The Amstrad GX4000 is an 8-bit video game console based on the Amstrad CPC 6128+ home computer, released by the British company Amstrad in 1990 for the European market. It belongs to the third generation of gaming systems. The console did not have much success, its sales and releases of games for it ceased already in 1992. Many reviews cite the Amstrad GX4000 as the largest or one of the largest failures in gaming history.
Amstrad GX4000 logo
Amstrad began producing CPC home computers back in 1984. They were very popular in Europe; from 1984 to 1990, more than 3 million copies of various modifications were sold. Since the second half of the 1980s, game consoles began to gain more and more popularity, and many companies tried themselves in this field: Nintendo with the NES in 1983, Casio with the PV-1000 in 1983, Sega with the Master System in 1985 and Mega Drive / Genesis in 1988, NEC with TurboGrafx-16 in 1987, SNK with Neo Geo AES in 1990, Commodore with Commodore 64 Games System in 1990 and many others. Therefore, when in 1990 the company released the last model of the CPC line – Amstrad CPC 6128+, it was decided to make a game console on its basis.
Amstrad GX4000 attachment
The Amstrad GX4000 was released in 1990, and included an adapter, telecable, two gamepads and a Burnin ‘Rubber car simulator game. The cost of the set-top box was £ 99 in the UK, ₣ 990 in France and about the same in other European countries. The Amstrad GX4000 was essentially a slightly modified version of the CPC 6128+ home computer, so most of the software from CPC + computers was compatible with the console, and console games could be played on the CPC 6128+ and 464+.
Amstrad 6128 Plus computer
Technically, the console turned out to be quite advanced for its time and received positive reviews in many reviews. For example, in the GX4000 color palette – 4096 colors, which is many times more than such successful gaming systems of that time as: NES – 52 colors, TurboGrafx-16 – 512 colors, Sega Mega Drive – 512 colors. And the 8-bit Zilog Z80A was by that time already tested by time on the consoles ColecoVision, Sega Master System and Game Boy and on personal computers Amstrad CPC, ZX80 and ZX81, SAM Coupé, MSX, Enterprise-64 and Enterprise-128, MicroBee and others … Like the CPC + computers, the set-top box had fairly advanced graphics and sound (AY-3-8910), hardware sprites and hardware scrolling.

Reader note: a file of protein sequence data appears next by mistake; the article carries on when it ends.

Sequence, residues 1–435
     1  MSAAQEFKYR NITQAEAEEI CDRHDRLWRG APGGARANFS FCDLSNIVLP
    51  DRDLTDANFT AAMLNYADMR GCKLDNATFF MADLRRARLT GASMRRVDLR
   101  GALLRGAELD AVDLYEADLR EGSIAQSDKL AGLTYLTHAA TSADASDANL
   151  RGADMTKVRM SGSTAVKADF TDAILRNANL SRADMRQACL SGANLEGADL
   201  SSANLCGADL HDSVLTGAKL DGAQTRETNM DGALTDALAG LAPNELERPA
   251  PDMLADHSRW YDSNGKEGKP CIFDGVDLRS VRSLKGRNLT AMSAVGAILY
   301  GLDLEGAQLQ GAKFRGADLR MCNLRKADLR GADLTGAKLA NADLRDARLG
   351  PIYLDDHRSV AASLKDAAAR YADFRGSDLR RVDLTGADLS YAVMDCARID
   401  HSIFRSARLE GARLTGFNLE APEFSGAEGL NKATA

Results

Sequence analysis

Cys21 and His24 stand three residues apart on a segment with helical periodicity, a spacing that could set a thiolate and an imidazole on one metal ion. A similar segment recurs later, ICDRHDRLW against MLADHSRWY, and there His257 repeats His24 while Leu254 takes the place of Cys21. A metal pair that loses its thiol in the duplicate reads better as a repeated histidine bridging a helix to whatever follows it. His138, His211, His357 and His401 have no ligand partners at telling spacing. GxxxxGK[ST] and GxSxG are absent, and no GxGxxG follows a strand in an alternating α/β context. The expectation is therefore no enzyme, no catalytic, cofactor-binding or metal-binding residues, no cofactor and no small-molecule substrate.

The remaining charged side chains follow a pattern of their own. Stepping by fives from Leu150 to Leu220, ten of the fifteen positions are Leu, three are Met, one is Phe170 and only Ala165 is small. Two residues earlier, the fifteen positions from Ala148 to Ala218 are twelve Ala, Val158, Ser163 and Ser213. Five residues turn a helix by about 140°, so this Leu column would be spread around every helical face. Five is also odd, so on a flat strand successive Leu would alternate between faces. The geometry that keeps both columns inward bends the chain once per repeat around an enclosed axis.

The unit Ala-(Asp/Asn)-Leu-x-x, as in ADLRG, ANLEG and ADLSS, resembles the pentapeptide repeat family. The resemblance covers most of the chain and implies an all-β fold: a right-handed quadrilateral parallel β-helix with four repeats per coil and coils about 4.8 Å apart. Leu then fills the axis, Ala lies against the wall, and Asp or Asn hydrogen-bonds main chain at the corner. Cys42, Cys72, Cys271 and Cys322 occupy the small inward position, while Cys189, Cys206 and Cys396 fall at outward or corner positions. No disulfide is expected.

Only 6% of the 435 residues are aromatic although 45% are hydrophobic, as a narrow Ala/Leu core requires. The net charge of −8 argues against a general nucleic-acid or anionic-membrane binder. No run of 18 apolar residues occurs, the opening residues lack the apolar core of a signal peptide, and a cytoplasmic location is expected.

Amstrad GX4000 cartridges
Two gamepads equipped with a D-pad and two buttons – 1 and 2 were used as an input device. The Amstrad GX4000 controllers were shaped like NES gamepads. Features of ports for connecting gamepads allowed, in addition to standard controllers, to connect gamepads from consoles Atari, Sega and Commodore of that time. In addition, Trojan has released a light pistol for the console used in The Enforcer and Skeet Shoot games. The information carrier for the console was rectangular game cartridges with a volume of 128 to 512 kb.
Barbarian game for Amstrad GX4000
However, despite its seemingly good characteristics and the popularity of CPC computers, the GX4000 did not achieve success. The era of more advanced 16-bit gaming systems began, in 1990, a little earlier than the Amstrad GX4000, the Sega Mega Drive appeared in Europe, and in 1992 – the SNES. Video game companies were afraid to invest in an unpromising console; in total, from 1990 to 1992, according to various estimates, 30-40 games were released for the Amstrad GX4000, which, of course, could not but affect the level of sales. The original price – £ 99, began to decline within a few months after the release of the console, and soon Amstrad stopped further production of its brainchild.
Chase-HQ game for Amstrad GX4000
During the short life of the Amstrad GX4000, less than 40 games were released to it, most of which were released in 1990 and are carried over from other gaming systems. Only a few companies released games for the GX4000, among which: Ocean (since 1998 – Infogames UK, since 2004 – Atari UK, since 2009 – Atari, Inc.), US Gold (in 1996 became part of Edios, which became part of 2009 year at Square Enix Europe), Loriciel SA and its subsidiary Futura, Titus Interactive, Domark, Ubisoft and Gremlin Interactive.
Advertising Amstrad GX4000 and 6128 Plus computer in magazine
In the future, Amstrad will still prove themselves, having received a license from Sega and released the Amstrad Mega PC (which failed due to the high price), will play an important role in the spread of satellite technology and telecoms, and will safely sink into oblivion by 1997.